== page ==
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When it comes to cities named Portland, I will admit to a bit of my heart will always be in my hometown — the “other” Portland, way out west in Oregon. But I can also say that Portland, Maine, has captured a pretty big piece of my heart, as well.
A two-hour drive south from Bangor, Maine’s largest city is a funky mix of old and new, whether you are talking about architecture, food, drink, museums, galleries, shops or markets. It’s an urban area that’s also a hop, skip, jump or bicycle ride from some of the state’s best natural sea and land resources. In other words, it’s perfect for a day trip, weekend getaway or leisurely multi-day vacations. And I’ve done all three.
So, let’s break it down!
It’s a straight 130-mile shot south down Interstate 95 and on to Interstate 295 from Bangor into Portland. You can also take an alternate route by staying on I-95. Either way, it’s about two hours, and you are looking at a minimum $1 in road tolls, regardless which of the two routes you select. Frankly, I kind of enjoy the 10 or seconds it takes to hand over my toll money and exchange a pleasantry or two with the toll booth operators.
Whether your plans are just for a day trip or to spend a more extended stay in Portland, I recommend finding a convenient spot to park, lock your car and head out on foot. Traffic in the city can be heavy during working hours and parking a bit tricky to find. There are a number of parking garages downtown in addition to metered street-side parking, which is free on Sundays. When I drive into Portland, I start looking for the first available spot when I am still several blocks from my destination. Once I spot one, I pull in. Quite frankly, Portland is a city made for exploration on foot.
Ready to head out?
Among the more popular attractions in Portland — and for good reason — is the Old Port.
Running along Casco Bay and bordered by Commercial, Middle, Union and Franklin streets, Portland’s Old Port is five blocks of working waterfront, unique shops, historical buildings and enough photo-ops to fill a memory card and then some.
You can’t help but get a sense of the city’s past when you’re walking on the Old Port’s cobblestone streets. What is now Portland was first occupied by Europeans in 1632. When Maine became a state in 1820, Portland was the state capital for 12 years before it was relocated to Augusta.
These days the Old Port — much of which is on the National Register of Historic Places — is the heart of modern Portland and provides a window into its past. Many of the businesses in the Old Port are housed in 19th-century warehouses and buildings that were saved from demolition in the 1970s, thanks to forward-thinking historical preservationists.
One of my favorite things to do in the Old Port is to grab a coffee to-go and find a bench to sit on overlooking the harbor and Casco Bay. If I look hard enough and let my mind go free to imagine, I can look through the forest of modern sailing ship masts on boats bobbing at their moorings and can almost see those fishing boats or merchant schooners from another age centuries ago sailing or steaming into port. This vision is helped by the sounds and smells of this working waterfront — seagulls screeching overhead, fog horns sounding, sea air blowing and the hustle and bustle that comes with a working waterfront, regardless of era.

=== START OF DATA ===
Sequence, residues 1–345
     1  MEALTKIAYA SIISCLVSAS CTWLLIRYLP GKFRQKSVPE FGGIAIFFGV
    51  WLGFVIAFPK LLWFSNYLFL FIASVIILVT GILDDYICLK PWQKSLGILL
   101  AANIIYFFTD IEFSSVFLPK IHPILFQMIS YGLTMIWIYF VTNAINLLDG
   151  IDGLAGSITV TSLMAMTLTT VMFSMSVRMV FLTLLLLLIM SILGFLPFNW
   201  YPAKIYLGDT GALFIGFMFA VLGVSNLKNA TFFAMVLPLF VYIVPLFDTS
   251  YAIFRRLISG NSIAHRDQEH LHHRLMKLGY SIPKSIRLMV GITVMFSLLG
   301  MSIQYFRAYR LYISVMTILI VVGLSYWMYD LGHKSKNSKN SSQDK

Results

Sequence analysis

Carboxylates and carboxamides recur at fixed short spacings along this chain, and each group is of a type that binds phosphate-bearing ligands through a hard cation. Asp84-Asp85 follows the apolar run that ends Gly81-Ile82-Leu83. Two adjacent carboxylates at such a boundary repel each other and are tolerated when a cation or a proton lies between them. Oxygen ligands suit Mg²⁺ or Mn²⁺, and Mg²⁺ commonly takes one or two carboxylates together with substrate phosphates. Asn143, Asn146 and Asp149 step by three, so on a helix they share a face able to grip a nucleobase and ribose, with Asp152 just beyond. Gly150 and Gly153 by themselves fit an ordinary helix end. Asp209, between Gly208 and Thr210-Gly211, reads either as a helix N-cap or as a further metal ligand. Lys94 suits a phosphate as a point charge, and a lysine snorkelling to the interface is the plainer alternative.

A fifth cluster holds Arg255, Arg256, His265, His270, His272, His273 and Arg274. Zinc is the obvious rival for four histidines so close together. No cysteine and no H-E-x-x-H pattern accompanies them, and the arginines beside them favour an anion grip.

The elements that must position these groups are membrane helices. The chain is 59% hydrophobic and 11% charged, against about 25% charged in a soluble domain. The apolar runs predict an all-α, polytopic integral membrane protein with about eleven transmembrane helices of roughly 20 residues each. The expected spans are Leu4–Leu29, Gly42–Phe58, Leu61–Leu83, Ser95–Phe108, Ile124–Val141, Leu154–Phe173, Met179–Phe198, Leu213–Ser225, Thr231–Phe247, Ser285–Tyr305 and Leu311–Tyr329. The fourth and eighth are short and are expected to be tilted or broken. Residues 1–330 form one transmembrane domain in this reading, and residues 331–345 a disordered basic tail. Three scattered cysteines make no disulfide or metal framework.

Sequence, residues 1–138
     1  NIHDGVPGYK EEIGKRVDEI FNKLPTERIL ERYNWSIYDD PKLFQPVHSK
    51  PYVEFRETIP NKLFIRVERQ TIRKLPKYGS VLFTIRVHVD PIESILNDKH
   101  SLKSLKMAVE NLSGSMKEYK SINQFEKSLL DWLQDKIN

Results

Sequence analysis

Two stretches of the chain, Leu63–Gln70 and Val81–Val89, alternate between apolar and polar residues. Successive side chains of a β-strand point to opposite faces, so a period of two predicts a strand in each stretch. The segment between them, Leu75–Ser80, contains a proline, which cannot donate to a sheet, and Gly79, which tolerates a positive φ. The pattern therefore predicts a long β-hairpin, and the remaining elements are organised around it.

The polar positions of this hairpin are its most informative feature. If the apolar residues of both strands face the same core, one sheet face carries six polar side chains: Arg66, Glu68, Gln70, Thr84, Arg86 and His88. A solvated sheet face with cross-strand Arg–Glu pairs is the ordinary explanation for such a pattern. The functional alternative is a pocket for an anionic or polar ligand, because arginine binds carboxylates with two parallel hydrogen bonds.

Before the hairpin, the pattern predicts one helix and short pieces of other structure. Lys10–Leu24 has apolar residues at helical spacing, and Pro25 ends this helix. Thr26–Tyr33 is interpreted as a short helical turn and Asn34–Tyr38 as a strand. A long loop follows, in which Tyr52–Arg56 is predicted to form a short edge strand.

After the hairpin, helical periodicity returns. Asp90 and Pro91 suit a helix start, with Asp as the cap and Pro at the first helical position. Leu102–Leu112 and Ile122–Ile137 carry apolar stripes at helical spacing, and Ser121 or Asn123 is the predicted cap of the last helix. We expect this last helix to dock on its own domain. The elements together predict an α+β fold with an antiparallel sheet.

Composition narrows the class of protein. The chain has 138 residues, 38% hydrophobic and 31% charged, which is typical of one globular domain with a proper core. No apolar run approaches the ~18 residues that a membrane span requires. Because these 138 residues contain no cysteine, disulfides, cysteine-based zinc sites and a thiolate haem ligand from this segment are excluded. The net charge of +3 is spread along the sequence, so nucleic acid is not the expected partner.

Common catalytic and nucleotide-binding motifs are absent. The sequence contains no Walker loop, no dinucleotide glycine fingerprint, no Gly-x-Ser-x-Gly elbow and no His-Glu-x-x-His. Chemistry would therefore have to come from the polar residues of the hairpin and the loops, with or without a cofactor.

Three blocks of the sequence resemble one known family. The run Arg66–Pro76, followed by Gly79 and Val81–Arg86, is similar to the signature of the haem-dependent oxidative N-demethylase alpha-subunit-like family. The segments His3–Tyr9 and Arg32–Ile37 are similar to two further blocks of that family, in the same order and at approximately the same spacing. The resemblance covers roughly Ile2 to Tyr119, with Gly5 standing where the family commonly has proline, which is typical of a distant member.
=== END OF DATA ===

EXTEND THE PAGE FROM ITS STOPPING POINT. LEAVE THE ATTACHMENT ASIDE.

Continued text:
Back in the present, my feet often take me over the cobblestones, and I am happy to spend an hour or two window shopping and ducking into shops that catch my fancy. And trust me, with dozens of unique, locally owned shops in the Old Port, my fancy is caught a lot. Whether you are in the market for locally sourced seafood, hand-made candy, craft beer, custom jewelry, Maine-inspired fashions, books by local authors or even something for your pet, you are going to find it in the Old Port.
When it comes to the arts — be it visual, musical or any other medium you care to mention — Portland has you covered. The Portland Arts’ District is a short walk from the Old Port up to Commercial street where you are going to find museums, galleries, performance venues and several great restaurants.
The Portland Museum of Art has quite the collection of permanent exhibits showcasing American, European and Maine artists. In March be sure to check out the exhibit “Relational Undercurrents: Contemporary Art of the Caribbean Archipelago,” featuring works depicting the impact of the area’s colonial past on its contemporary art and culture.
Never let it be said that the Portland art scene takes itself too seriously. The three-day homage to all things Felis catus, also known as CatVideoFest, will be held at the Portland Museum of Art on March 29 to 30. The event raises funds for cat shelters and cat charities with showings of cat animated videos, cat music videos and internet cat vignettes.
At the Children’s Museum and Theatre of Maine you only have to be young at heart to enjoy all the exhibits geared toward imagination and learning. Kids can discover their own superpowers at the museum’s Action! Headquarters! Exhibit where they can try out a secret identity, choose a superpower and act out their heroic Portland-themed adventures on an actual stage with puppets! Come on, how much fun is this?